–Indicating that the greatest degree of limitation in any part of a paragraph B1, B3, or B4 area of mental functioning will be the degree of limitation for that whole area of functioning;

–Retaining the 5-point rating scale that was used in prior rules for rating degrees of functional limitations in adults;

–Reorganizing the listing criteria in listings 12.05 and 112.05, intellectual disorder, to reflect the three diagnostic criteria for intellectual disability; and

–Creating new listings, 12.15 and 112.15, trauma- and stressor-related disorders, to reflect the updates in medical understanding reflected in the DSM-5.

The rule reflects information from the Diagnostic and Statistical Manual of Mental Disorders, Fifth Edition, which is the mental health profession’s standard for classifying mental disorders. Criteria for evaluating intellectual disability generated significant public interest. Besides reflecting comments from members of the public, the rule reflects the expertise of disability policy experts, adjudicators, psychiatric professionals, and vocational experts, who provided input at every phase of the rulemaking process.

If you or someone you know is unable to work due to mental illness, please contact us for a free evaluation of your claim.


Full version of Final Rule:

By: Joyce Trudeau of Premier Disability Services, LLC®

Social Security Recipients May Receive a Raise in 2017

Posted October 18, 2016 by Premier Disability Services, LLC® On Tuesday, the Social Security Administration will announce the annual cost-of-living adjustment (COLA) for retirement, disability, and survivor benefits, affecting nearly 66 million Americans who receive Social Security or Supplemental Security Income payments.

Beneficiaries received no cost-of-living increase in 2016 due to soft inflation in 2015, including a plunge in the cost of gasoline and other energy products that depressed broad consumer-price gauges. The price measure used to calculate the annual COLA, the Labor Department’s consumer-price index for urban wage earners and clerical workers (CPI-W), fell 0.4% in the third quarter of 2015 compared with one year earlier. That translated into no change in benefits for the third time since the 2007-09 recession.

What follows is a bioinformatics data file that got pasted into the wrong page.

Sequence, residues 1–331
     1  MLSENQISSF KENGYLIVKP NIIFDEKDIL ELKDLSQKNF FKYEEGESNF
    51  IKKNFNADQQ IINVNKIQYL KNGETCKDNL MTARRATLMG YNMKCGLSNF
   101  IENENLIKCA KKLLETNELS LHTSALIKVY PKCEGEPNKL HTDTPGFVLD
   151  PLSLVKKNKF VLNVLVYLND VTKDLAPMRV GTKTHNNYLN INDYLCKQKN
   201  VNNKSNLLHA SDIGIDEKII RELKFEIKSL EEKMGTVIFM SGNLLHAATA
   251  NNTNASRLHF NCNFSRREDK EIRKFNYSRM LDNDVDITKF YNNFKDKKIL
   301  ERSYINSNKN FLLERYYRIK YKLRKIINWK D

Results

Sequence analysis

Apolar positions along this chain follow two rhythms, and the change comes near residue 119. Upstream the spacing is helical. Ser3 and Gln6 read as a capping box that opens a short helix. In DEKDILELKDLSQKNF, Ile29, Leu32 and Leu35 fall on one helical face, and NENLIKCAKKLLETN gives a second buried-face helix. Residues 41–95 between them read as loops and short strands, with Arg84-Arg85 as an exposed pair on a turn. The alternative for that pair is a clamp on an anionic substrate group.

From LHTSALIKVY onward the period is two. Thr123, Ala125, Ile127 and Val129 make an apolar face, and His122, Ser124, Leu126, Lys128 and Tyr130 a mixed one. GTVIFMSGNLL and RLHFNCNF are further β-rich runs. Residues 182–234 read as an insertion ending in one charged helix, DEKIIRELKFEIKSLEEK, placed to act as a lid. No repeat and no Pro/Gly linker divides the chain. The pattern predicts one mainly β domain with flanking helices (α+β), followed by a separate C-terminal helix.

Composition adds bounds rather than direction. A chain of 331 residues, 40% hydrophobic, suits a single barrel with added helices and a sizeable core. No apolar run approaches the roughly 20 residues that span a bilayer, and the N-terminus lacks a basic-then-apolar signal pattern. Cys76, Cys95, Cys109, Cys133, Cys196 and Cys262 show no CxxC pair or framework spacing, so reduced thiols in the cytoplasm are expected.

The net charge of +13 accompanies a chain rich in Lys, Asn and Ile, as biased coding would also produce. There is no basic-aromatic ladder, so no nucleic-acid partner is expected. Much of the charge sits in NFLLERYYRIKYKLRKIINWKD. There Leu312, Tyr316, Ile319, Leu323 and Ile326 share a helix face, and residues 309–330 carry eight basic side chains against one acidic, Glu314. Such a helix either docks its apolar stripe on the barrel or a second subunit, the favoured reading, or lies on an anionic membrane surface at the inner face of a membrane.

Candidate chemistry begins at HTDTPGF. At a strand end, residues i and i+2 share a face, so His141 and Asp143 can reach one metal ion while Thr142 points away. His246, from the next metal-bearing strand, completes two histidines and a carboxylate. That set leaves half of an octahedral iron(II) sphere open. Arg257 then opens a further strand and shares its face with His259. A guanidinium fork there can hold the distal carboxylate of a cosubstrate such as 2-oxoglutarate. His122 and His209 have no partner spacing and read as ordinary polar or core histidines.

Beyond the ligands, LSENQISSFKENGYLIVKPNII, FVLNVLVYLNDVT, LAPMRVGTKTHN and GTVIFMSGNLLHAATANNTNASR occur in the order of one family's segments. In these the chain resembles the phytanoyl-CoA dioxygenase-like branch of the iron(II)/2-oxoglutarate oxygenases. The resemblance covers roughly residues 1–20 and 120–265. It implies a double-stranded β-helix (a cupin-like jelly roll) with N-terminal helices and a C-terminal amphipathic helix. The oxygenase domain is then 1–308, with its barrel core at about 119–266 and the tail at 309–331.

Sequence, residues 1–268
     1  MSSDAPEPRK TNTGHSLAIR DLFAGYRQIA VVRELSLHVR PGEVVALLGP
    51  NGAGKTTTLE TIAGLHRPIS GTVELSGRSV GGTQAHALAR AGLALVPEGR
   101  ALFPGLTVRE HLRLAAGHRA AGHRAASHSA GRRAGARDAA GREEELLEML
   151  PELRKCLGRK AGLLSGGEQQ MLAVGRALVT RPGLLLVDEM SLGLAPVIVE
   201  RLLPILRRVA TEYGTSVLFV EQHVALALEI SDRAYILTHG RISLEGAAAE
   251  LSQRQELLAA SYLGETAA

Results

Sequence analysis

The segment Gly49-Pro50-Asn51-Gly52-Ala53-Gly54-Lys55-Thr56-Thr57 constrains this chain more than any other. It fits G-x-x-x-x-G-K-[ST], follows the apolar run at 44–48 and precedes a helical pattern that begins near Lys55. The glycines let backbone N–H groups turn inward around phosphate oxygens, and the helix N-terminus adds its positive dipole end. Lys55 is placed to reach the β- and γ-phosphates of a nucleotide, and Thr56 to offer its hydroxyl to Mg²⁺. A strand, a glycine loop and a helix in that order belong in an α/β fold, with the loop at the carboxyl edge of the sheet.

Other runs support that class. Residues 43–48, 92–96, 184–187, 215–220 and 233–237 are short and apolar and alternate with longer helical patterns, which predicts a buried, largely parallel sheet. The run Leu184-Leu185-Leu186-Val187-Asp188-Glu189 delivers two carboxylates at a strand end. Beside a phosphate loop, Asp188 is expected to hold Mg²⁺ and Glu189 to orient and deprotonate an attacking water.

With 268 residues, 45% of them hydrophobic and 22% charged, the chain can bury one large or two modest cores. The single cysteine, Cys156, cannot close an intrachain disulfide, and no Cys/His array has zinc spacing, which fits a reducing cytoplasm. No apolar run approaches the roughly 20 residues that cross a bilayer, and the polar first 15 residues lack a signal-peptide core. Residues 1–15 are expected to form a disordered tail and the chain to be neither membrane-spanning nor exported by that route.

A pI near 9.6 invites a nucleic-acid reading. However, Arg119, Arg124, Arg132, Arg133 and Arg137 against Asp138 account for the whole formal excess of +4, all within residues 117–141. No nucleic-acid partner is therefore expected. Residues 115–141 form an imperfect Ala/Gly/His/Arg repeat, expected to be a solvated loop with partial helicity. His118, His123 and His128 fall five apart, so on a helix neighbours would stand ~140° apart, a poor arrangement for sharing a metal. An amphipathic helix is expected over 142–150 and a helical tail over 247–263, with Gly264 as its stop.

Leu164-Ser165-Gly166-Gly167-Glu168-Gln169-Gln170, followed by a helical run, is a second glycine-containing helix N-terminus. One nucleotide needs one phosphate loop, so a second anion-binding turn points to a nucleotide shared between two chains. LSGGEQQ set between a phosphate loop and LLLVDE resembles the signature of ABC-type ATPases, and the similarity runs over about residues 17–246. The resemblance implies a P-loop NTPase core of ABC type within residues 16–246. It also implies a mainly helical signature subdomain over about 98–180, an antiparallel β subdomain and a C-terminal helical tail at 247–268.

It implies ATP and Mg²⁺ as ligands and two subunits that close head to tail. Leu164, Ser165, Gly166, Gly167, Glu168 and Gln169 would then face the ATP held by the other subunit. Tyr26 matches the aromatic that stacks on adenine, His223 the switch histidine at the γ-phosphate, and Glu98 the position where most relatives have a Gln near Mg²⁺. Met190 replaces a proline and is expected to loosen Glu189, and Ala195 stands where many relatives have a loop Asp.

An upward adjustment is expected for next year’s payments as U.S. inflation gradually firms. But under the law, adjustments are calculated from a base in the last year when benefits were raised. So when the Labor Department releases its September CPI report on Tuesday morning, the third-quarter average for the CPI-W will be compared with its level in 2014, not 2015, to determine the Social Security adjustment for 2017.

The likely result is a small increase in benefits. The Social Security trustees’ report released in June forecast a 0.2% increase for next year. The American Institute for Economic Research this week predicted an increase in the 0.2% to 0.5% range, which would be the smallest rise (aside from years with no increase at all) since automatic adjustments began in the mid-1970s. Social Security benefits increased by 1.7% in 2015, 1.5% in 2014 and 1.7% in 2013.

The average monthly Social Security benefit check is currently $1,238. “Our forecasted increase would add between $2 and $6 to the average Social Security payment, less than the increases beneficiaries have seen in most recent years,” wrote Max Gulker, a senior research fellow at AIER, on the nonprofit group’s website. But, he added, the “small increase is not necessarily bad news for beneficiaries, as it reflects extremely low inflation over the past year.”


By Thomas A. Klint of Premier Disability Services, LLC®